There is one thing that Mike Pence is right about: History will judge his former boss harshly. Speaking at D.C.’s Gridiron Club Dinner on Saturday, Pence delivered what The New York Times and many others labeled the “strongest rebuke yet” of President Donald Trump—this time from his former number two, who happens to be (presumably) running for president himself.
“Tourists don’t injure 140 police officers by sightseeing,” Pence said of the riot at the United States Capitol on January 6, 2021. Here, Pence was referring to a narrative recently advanced by Fox News host Tucker Carlson and embraced by Trump, which colorfully revises history to argue that the people who broke into the seat of American democracy were gentle and respectful sightseers. “Tourists don’t break down doors to get to the Speaker of the House or voice threats against public officials” continued Pence. “President Trump was wrong; I had no right to overturn the election. And his reckless words endangered my family and everyone at the Capitol that day. And I know that history will hold Donald Trump accountable.”
Pence’s assessment of the events of that day conforms to the fabric of reality. Contra Trump and Carlson, what happened on January 6 was absolutely a riot; the rioters were there to disrupt the peaceful transition of power and to attack public officials who got in their way. When they marched through the halls of the Capitol chanting “Hang Mike Pence,” they meant it. When Trump reportedly said that Pence deserved those chants, he meant it too. Pence and his family were in danger on January 6 and Donald Trump is the reason why they were in that predicament.
This might be Pence’s strongest rebuke yet of Donald Trump, but it doesn’t go nearly far enough. In fact, it’s a straight-up dodge. If the spectral spirit of “history” truly possessed the awesome power to hold mere mortals accountable, then it would surely hold Mike Pence accountable for his actions as well—or at the very least call the former vice president out for failing to act in a similar vein. For the last two years, Pence has had a number of opportunities to play a direct and material role in holding Trump to accounts. He has chosen, on every occasion, not to do so, for reasons that are both craven and pathetic. If Pence actually cares about holding Trump accountable for, again, nearly getting him and possibly members of his family killed, then he would have already done so. He hasn’t.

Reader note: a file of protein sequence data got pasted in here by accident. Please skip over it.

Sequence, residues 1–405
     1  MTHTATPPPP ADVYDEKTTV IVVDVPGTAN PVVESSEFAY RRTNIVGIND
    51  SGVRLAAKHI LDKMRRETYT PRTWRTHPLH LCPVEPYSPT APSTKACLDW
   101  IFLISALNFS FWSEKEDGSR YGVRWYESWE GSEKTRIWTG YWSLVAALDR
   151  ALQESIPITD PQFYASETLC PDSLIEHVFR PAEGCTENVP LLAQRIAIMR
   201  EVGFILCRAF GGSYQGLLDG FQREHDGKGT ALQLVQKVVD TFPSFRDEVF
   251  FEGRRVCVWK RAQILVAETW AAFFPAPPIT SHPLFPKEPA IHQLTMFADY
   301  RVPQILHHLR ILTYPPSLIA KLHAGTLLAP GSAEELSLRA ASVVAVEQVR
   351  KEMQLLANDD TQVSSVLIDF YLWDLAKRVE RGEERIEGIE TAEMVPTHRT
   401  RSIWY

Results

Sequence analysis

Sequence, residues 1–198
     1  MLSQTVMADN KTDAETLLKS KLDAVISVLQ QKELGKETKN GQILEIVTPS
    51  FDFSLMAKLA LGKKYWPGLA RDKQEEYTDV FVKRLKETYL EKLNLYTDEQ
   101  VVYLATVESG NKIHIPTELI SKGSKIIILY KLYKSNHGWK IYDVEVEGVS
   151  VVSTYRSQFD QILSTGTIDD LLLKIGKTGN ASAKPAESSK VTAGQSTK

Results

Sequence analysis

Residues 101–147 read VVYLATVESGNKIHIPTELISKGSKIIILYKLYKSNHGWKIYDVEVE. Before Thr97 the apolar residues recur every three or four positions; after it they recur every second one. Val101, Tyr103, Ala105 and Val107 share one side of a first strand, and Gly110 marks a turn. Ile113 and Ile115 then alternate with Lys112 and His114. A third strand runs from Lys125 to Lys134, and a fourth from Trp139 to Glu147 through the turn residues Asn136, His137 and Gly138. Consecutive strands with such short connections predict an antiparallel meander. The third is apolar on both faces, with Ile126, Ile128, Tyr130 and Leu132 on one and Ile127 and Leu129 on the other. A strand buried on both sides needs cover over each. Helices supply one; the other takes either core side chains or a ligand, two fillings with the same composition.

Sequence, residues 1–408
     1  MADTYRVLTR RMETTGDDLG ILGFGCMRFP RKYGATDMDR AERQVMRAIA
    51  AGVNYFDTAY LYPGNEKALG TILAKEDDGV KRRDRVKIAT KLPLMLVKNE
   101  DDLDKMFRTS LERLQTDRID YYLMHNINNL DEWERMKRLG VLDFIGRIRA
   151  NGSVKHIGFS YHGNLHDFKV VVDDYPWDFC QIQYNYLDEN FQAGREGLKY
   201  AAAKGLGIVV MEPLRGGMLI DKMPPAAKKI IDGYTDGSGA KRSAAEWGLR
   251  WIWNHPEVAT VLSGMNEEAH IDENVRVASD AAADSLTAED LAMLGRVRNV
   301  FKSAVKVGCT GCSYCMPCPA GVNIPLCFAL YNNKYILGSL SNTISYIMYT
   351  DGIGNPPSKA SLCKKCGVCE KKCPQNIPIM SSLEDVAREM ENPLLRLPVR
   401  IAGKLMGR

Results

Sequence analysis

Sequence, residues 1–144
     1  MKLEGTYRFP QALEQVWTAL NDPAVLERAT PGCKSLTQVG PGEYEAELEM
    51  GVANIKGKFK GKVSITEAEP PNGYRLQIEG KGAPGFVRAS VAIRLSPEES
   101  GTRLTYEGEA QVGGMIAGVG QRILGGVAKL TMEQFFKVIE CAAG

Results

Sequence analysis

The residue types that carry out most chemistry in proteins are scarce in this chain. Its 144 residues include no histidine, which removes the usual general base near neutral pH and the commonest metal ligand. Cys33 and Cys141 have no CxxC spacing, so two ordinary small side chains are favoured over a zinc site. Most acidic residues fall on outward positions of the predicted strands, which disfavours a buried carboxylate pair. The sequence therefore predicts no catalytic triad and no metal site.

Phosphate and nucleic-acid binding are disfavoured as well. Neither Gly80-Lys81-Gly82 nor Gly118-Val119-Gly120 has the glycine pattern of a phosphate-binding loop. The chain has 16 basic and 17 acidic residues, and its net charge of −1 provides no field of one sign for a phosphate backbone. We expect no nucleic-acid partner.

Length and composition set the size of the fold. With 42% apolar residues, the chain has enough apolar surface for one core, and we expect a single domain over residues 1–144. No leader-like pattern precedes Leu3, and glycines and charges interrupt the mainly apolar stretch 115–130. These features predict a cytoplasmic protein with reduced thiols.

Pence’s inaction stems from one of the worst political calculations in recent American history: He is the only person in the country who believes that Mike Pence is a viable candidate for the GOP presidential nomination. As such, he knows that he can only go so far in his criticism of Donald Trump—after all, there’s no path to the nomination without winning over some significant share of the former president’s diehards. To that end, Pence has spent much of the last two years lying low, intermittently offering some manner of light rebuke as he’s stumped around the country selling either his would-be candidacy or copies of his dull tome So Help Me God.
Those who’ve purchased Pence’s memoir will have read a fair amount of criticism of Trump contained on its pages: He calls out his former boss for failing to condemn “the racists and antisemites in Charlottesville by name” and dings him for being soft on Vladimir Putin. But no amount of prose can extricate Pence from the trap in which he’s stuck. Pence needs to run on his record as vice president, which means defending and touting Trump’s record. Even when he’s trying to find some amount of separation from Trump, he ends up sounding vaguely like a cheerleader.